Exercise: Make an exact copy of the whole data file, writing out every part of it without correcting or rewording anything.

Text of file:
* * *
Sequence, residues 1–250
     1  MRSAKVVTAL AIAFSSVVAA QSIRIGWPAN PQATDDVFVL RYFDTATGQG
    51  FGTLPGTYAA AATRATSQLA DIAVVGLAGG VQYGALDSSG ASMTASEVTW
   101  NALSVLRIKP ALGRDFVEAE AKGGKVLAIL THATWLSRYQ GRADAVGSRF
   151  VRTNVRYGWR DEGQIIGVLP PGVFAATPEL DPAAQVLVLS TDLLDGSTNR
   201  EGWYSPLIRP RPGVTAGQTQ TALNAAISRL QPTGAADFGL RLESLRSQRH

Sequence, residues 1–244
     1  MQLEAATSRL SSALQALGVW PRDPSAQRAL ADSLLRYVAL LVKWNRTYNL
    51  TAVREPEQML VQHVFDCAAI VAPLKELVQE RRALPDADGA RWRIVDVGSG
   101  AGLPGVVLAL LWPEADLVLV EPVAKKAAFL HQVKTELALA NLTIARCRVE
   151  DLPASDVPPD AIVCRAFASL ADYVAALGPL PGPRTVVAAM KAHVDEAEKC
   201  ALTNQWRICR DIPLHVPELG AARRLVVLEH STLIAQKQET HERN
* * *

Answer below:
Sequence, residues 1–250
     1  MRSAKVVTAL AIAFSSVVAA QSIRIGWPAN PQATDDVFVL RYFDTATGQG
    51  FGTLPGTYAA AATRATSQLA DIAVVGLAGG VQYGALDSSG ASMTASEVTW
   101  NALSVLRIKP ALGRDFVEAE AKGGKVLAIL THATWLSRYQ GRADAVGSRF
   151  VRTNVRYGWR DEGQIIGVLP PGVFAATPEL DPAAQVLVLS TDLLDGSTNR
   201  EGWYSPLIRP RPGVTAGQTQ TALNAAISRL QPTGAADFGL RLESLRSQRH

Sequence, residues 1–244
     1  MQLEAATSRL SSALQALGVW PRDPSAQRAL ADSLLRYVAL LVKWNRTYNL
    51  TAVREPEQML VQHVFDCAAI VAPLKELVQE RRALPDADGA RWRIVDVGSG
   101  AGLPGVVLAL LWPEADLVLV EPVAKKAAFL HQVKTELALA NLTIARCRVE
   151  DLPASDVPPD AIVCRAFASL ADYVAALGPL PGPRTVVAAM KAHVDEAEKC
   201  ALTNQWRICR DIPLHVPELG AARRLVVLEH STLIAQKQET HERN